From backpressure to any-irrelevant-message

When I was experimenting with some different window sizes on the last prototype, I tried larger and larger window sizes. I even tried a size so large that the entire ‘long upload’ file could be sent without any waiting. It seemed like it ought to have died for the same starvation reason as before, but these transfers succeeded.

I found out that the client wasn’t waiting for a ‘pong’ message per se–engine.io-client/socket.js at 3.5.0 · socketio/engine.io-client · GitHub “any packet counts.”

Idea 8: ...; dd count=1234 status=progress | ...

If all we needed to keep our connection from dying was for there to be some messages flowing the other direction, we could just use a ‘noisier’ off-the-shelf program in our pipeline. This one replaces head with dd in a mode where it shows a little progress line.

What went wrong: Nothing. Well, except for the memory growing as it reads the file faster than it can send. Nothing new.

Giving up on the detail

I decided not to solve problem (5). I had been working extensively with prototypes for the upload direction, and it would be a problem in the download direction as well. The code on the Glitch project side wetty/term.ts at 496db5e5632517052fb9abaeddd5ee769e77e296 · etamponi/wetty · GitHub for putting data into the socket was also “simple,” as I had said of my own code. It would take yet more complexity to have such a custom program on the Glitch project side to watch for acknowledgements. Heck, maybe I wouldn’t even end up using this tool to transfer that large of files in the first place. People have brought up how Glitch had this weird thing where a project gets more RAM than it gets disk anyway.

Pivoting on the big picture

There was this whole second part of how to use a data transport primitive to make a file transfer utility. I was tired from all this stuff with the transport. And this second part isn’t necessarily trivial either:

  • What if the user puts the name of a directory as the destination?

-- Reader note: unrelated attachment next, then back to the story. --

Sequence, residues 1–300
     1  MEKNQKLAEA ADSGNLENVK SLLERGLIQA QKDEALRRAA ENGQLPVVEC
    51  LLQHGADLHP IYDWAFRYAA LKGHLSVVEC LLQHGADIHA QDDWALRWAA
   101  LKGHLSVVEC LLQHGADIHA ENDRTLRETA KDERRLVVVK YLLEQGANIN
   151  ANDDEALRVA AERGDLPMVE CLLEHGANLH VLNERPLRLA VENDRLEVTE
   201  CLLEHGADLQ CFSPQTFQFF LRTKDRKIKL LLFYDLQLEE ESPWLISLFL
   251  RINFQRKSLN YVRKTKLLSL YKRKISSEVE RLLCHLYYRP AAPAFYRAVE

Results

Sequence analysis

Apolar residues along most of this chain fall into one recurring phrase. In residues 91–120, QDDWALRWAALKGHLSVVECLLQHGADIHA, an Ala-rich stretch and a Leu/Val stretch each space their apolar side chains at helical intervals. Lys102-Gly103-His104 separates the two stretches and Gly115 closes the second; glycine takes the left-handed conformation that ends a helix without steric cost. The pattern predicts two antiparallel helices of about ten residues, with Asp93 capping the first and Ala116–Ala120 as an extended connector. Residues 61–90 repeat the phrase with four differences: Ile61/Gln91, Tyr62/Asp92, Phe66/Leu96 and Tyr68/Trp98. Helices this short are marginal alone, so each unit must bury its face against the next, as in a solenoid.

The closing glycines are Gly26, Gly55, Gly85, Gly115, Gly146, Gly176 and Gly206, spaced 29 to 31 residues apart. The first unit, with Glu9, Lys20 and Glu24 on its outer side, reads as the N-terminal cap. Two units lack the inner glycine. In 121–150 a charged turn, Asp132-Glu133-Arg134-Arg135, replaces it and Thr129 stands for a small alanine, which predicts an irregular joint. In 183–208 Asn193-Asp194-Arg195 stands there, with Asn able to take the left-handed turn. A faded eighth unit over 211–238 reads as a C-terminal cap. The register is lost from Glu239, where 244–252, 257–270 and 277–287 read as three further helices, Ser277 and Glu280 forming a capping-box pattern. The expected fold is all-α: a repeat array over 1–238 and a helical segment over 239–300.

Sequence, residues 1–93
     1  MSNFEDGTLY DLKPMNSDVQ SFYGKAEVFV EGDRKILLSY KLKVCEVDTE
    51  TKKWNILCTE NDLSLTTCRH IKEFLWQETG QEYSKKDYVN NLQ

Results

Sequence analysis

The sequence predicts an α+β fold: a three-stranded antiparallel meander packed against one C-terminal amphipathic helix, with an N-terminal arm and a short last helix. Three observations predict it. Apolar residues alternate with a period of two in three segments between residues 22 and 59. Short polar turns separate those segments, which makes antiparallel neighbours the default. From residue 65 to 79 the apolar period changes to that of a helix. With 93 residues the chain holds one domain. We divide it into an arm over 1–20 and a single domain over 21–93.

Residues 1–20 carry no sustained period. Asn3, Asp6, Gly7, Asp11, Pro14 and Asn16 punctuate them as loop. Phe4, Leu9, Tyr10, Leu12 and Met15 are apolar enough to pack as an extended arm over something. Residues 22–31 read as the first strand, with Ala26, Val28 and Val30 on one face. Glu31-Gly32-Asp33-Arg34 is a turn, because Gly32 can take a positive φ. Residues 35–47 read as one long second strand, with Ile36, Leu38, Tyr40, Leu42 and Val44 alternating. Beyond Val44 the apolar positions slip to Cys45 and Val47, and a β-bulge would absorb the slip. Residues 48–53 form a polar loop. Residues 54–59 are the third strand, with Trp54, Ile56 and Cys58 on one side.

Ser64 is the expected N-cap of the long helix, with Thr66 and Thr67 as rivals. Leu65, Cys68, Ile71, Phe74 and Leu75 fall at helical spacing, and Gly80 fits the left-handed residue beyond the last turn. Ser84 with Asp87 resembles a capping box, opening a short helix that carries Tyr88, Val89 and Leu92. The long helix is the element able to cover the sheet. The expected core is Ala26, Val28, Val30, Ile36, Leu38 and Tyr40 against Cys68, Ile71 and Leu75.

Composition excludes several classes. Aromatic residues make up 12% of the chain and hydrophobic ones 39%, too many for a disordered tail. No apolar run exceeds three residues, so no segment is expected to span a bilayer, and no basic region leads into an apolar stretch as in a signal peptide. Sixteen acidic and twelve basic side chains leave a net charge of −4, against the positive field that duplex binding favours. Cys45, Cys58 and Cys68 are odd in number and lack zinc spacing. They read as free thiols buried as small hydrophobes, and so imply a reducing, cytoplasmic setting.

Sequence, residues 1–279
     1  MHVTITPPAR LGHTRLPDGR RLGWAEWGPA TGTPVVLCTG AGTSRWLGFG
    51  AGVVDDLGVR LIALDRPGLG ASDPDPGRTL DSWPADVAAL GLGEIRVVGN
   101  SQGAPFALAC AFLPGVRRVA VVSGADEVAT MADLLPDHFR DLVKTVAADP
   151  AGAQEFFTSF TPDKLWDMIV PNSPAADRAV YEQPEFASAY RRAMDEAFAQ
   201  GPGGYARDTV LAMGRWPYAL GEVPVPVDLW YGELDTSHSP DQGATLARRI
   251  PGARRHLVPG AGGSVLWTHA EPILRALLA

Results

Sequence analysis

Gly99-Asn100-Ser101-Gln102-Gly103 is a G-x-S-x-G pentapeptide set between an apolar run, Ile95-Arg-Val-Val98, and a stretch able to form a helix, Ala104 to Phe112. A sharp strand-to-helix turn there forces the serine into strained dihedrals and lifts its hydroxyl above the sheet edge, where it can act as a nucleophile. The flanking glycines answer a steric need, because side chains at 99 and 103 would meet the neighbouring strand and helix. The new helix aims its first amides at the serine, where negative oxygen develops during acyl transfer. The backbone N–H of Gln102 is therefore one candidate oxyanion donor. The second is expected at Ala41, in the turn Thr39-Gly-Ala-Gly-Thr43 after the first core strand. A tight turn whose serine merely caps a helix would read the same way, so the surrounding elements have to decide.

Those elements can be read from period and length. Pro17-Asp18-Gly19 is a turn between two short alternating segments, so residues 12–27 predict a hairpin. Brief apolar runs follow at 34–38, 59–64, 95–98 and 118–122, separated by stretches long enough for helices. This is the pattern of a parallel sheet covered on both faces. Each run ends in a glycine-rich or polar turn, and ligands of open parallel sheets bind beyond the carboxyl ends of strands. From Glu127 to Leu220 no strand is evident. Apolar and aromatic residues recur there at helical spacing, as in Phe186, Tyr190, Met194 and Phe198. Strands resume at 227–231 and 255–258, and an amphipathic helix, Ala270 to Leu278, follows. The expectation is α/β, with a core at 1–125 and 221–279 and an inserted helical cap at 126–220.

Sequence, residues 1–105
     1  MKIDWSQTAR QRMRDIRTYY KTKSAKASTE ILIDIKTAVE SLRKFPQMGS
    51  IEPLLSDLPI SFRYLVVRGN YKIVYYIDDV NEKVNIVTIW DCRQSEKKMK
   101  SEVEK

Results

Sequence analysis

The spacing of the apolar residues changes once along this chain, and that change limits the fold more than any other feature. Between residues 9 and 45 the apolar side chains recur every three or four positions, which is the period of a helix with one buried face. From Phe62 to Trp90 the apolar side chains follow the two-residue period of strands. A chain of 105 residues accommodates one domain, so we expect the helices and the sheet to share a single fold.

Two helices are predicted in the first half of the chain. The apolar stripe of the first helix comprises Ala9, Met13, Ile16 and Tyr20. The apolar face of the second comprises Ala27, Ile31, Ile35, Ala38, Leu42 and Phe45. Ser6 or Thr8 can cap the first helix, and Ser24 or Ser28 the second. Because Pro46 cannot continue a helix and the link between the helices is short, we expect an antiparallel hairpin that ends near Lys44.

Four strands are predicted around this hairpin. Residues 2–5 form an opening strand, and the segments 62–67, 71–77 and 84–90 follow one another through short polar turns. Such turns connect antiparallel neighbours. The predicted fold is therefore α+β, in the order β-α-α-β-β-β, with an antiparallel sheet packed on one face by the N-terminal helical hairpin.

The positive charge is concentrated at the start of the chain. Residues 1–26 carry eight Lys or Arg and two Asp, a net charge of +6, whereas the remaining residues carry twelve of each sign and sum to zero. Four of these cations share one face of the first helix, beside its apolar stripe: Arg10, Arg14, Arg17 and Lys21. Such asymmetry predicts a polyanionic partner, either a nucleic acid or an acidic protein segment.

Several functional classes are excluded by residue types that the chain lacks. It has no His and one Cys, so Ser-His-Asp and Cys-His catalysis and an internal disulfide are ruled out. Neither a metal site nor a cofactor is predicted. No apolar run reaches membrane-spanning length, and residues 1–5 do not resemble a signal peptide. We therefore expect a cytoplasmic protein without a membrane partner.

• What if the user wants to copy a file to a different filename at the destination?
  • Should we support recursive copying?
  • Might people want a prompt for overwriting?
  • Should we offer to replicate the file permissions?

And so on. It seemed that having an 8-bit clean administrative connection was enough to cut a release. Maybe we could later use that connection to run rsync and have all those fiddly little questions above settled with “yes, and many more features too.” Maybe we could use it to run Visual Studio Code’s remote plugin. Lots of possibilities.

Introducing snail t pipe

In the end, I polished up the prototype to support full duplex communication and to encode each chunk separately so that they can be sent immediately. Instead of a user interface for copying files, it lets you run a command on the Glitch project. With all the problems we solved above, you’re free to use something as simple as cat >dst as that command and pipe data into the snail invocation. It provides separate stdout and stderr, and it also forwards the command’s return value.

See the resulting code here:

I left a big note about the remaining problems snail-cli/index.js at 6e6ca11a7605d0c15783fbc0ff6a2985967307d1 · wh0/snail-cli · GitHub. Notably, in the download direction, data piles up in the project container’s WeTTY process, which is controlled by root. Intriguing. That alone is why I posted this thread in the Feedback section, in case anyone was wondering.

Concluding remarks

I’ve subjected you to a rambling 3,785-word report just to get to this point: Dear Glitch, runaway printing in the terminal can elevate a root process’s memory usage, seemingly without bound. Please check that out.